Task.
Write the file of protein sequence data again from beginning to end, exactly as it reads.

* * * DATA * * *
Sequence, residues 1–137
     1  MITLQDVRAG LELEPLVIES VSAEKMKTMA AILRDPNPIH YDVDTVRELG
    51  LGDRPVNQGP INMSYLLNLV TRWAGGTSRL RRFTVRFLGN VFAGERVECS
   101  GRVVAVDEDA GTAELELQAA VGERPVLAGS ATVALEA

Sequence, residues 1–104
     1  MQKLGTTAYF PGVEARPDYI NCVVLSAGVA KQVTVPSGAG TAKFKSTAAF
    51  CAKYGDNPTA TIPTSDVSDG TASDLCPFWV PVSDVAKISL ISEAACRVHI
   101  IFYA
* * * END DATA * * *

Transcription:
Sequence, residues 1–137
     1  MITLQDVRAG LELEPLVIES VSAEKMKTMA AILRDPNPIH YDVDTVRELG
    51  LGDRPVNQGP INMSYLLNLV TRWAGGTSRL RRFTVRFLGN VFAGERVECS
   101  GRVVAVDEDA GTAELELQAA VGERPVLAGS ATVALEA

Sequence, residues 1–104
     1  MQKLGTTAYF PGVEARPDYI NCVVLSAGVA KQVTVPSGAG TAKFKSTAAF
    51  CAKYGDNPTA TIPTSDVSDG TASDLCPFWV PVSDVAKISL ISEAACRVHI
   101  IFYA